|Mangal Pandey, one of the early freedom fighters.www.gkforexam.in|
It is fitting that at this solemn moment we take the pledge of dedication to the service of India and her people and to the still larger cause of humanity with some pride."
.............. Pandit Jawaharlal Nehru's opening speech on the Independence day: August 15, 1947.
India' struggle for complete freedom - freedom of a suppressed and emancipated soul of the nation was a long one. It was a saga of courage, determination, sacrifices and commitments of numerous freedom fighters for too long a time.
Mangal Pandey was an Indian soldier, sepoy (sipahi) in the 34th Bengal Native Infantry (BNI) regiment of the British East India Company. Mangal, born July 19, 1827, died: 8 April 1857 was a simple, and unassuming soldier, becoming one of the early freedom fighters in the annals of British India who set the stage for Sepoy Mutiny - worst rebellion against the British invaders in the entire British colony. His place of birth is a subject of debate, however, it is claimed that he was born either in a Bhumihar Brahmin family to Divakar Pandey of Surhupur village of Faizabad district’s Akbarpur Tehsil or in the village of Nagwa in district Ballia, Uttar Pradesh. He was the first one among the employees of the British company, to be marked as the warrior of independence struggle against the oppressive British rule under the East India Company. Unlike many freedom struggles that have some strong broad-based motivation, his attacks of senior British Military Officers were based on simple motives driven by personal patriotic ideology, involving insults to his religion - Hinduism and not based either on any animosity or grudge against the officers. Incidentally, he was not a vigilante. However, he was not happy about subjugation of Indians under British masters.
|Mangal Pandey stamp.www.historyinanhour.com|
Immediately after the incident Sergeant-Major Hewson, ordered Jemadar Ishwari Prasad, the Indian officer in command of the quarter-guard, to arrest Mangal Pandey. To this, the Jemadar stated that his NCOs had gone for help and that he could not take Managal by himself. When Baugh arrived on the scene, Officer Hewson asked him to move away from Mangal's firing line. In the mean time, Hewson tired to interfere in the fight between Mangal and Baugh. Upon direct confrontation, Hewson was knocked to the ground from severe blow from behind by Mangal Pandey's musket. When Sheikh Paltu safeguarded two British officers and sought the help of other sepoys to help him to hold Mangal, the sepoys asked him to let him go and, if not, he might be shot at. The other sepoys threatened the officers and at last, already wounded Paltu, loosened his grip on Mangal.
Commanding officer General Hearsey, upon hearing shots, arrived on the scene and asked the Jemadar of the troops, one Ishari Pande, to arrest him, the Jemadar refused, so did the rest of the company except Shaikh Paltu. In the mean time Mangal made an abortive attempt to kill himself by shooting.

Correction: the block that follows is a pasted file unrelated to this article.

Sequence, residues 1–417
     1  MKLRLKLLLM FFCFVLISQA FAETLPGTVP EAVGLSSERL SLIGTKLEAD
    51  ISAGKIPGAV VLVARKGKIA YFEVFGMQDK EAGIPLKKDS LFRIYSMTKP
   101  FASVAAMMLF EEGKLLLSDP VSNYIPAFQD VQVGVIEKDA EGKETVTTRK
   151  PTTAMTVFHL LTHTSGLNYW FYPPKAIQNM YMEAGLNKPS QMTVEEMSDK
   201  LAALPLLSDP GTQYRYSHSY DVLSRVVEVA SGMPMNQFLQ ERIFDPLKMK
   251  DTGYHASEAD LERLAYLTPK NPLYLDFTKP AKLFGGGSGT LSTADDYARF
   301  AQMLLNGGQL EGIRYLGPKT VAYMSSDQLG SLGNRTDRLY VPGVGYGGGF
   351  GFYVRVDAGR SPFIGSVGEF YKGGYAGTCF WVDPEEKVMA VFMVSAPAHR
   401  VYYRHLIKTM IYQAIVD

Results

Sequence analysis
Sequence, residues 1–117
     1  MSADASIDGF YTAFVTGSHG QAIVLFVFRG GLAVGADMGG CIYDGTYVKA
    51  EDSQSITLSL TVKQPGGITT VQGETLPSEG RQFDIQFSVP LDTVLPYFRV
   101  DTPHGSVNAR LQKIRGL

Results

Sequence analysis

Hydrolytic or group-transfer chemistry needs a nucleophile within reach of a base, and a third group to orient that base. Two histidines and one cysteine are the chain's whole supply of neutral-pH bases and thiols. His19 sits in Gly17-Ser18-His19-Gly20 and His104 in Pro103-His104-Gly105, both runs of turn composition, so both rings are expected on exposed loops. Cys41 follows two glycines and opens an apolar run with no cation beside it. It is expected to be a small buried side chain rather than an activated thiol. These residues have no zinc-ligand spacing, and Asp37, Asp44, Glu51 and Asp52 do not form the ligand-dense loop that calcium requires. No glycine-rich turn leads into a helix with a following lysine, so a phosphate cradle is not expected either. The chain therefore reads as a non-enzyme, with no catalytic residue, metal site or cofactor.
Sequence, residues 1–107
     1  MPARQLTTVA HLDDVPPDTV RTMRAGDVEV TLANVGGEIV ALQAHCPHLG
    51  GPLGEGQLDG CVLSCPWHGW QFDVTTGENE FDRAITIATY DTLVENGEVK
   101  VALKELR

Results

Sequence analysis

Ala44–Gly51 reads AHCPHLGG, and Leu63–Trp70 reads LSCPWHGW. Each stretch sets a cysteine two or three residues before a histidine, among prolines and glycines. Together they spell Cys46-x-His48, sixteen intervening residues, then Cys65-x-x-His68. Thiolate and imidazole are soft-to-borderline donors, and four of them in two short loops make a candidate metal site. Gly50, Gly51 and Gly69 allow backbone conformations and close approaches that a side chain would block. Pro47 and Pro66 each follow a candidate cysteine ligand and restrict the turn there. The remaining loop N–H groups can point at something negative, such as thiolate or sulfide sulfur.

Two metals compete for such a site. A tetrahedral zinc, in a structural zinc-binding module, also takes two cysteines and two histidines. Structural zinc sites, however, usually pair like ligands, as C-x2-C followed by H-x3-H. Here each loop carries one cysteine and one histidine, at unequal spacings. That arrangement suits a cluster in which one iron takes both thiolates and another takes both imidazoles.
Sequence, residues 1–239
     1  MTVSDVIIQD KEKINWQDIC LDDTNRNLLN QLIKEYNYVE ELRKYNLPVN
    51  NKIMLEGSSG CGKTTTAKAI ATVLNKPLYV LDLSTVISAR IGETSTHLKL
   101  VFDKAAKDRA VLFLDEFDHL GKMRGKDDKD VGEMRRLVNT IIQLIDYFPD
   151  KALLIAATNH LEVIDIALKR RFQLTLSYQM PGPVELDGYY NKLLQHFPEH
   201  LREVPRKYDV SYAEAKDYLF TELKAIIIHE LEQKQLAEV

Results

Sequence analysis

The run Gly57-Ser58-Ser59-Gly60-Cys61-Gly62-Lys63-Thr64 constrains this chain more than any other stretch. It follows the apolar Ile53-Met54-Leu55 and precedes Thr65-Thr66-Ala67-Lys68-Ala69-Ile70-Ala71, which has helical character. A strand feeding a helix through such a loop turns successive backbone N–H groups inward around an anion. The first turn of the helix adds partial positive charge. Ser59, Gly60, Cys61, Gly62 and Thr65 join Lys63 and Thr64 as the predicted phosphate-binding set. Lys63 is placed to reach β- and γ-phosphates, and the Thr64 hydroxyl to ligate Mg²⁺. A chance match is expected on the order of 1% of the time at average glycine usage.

Mangal Pandey after recovery faced trial that last a week and he, Israri Pandey and others became confirmed accused and court verdict was Mangal Pandy should be hanged to death on April 18. However, anticipating trouble brewing among the Indians, Mangal was executed on April 8th itself, 10 days prior to the scheduled date. The Jemadar Ishari Pandey was also executed on April 22 on grounds of disobedience. The whole regiment was dismissed "with disgrace" on 6th May, 1857. As for Sheik Paltu, who defended the British Officers during the attack by Mangal, was promoted to the post of a Havaldar (native sergeant) by General Hearsay.
What prompted Mangal Pandy to attack the British officers? A new type of bullet cartridge used in the Enfield P-53 rifle (The P-53 was officially known as the Pattern 1853 Enfield Rifle Musket) introduced in the Bengal Army that year. It has an effective range of 50 to 300 yards. The bullets lack annular grease rings like French or American minie ball bullets. The cartridge, it was believed, was greased with animal fat (primarily pig and cow fat) for effective loading. To the Muslims and Hindus, both are taboo to be consumed. Before using the cartridge, cover had to be removed by bitting and the soldiers refused to use that kind of cartridge. Further, there was some suspicion among the soldiers that they would be converted to Christianity by force. Yet another reason was take over of Indian states such as Awadh in Lucknow by the dubious policy of doctrine of Lapse by the scheming, corrupt East India company officials..
|Photo of the Enfield Rifle, the pending adoption of which caused unrest in the Bengal Army in early 1857. en.wikipedia.org|
Soon after the hanging of Indian sepoys by the tyrannical British, people across northern states became outraged and it culminated into what was later called "Sepoy Mutiny" most violent revolt against the British occupation in India. After 1857, the British Crown directly took over the administration of the Indian sub continent.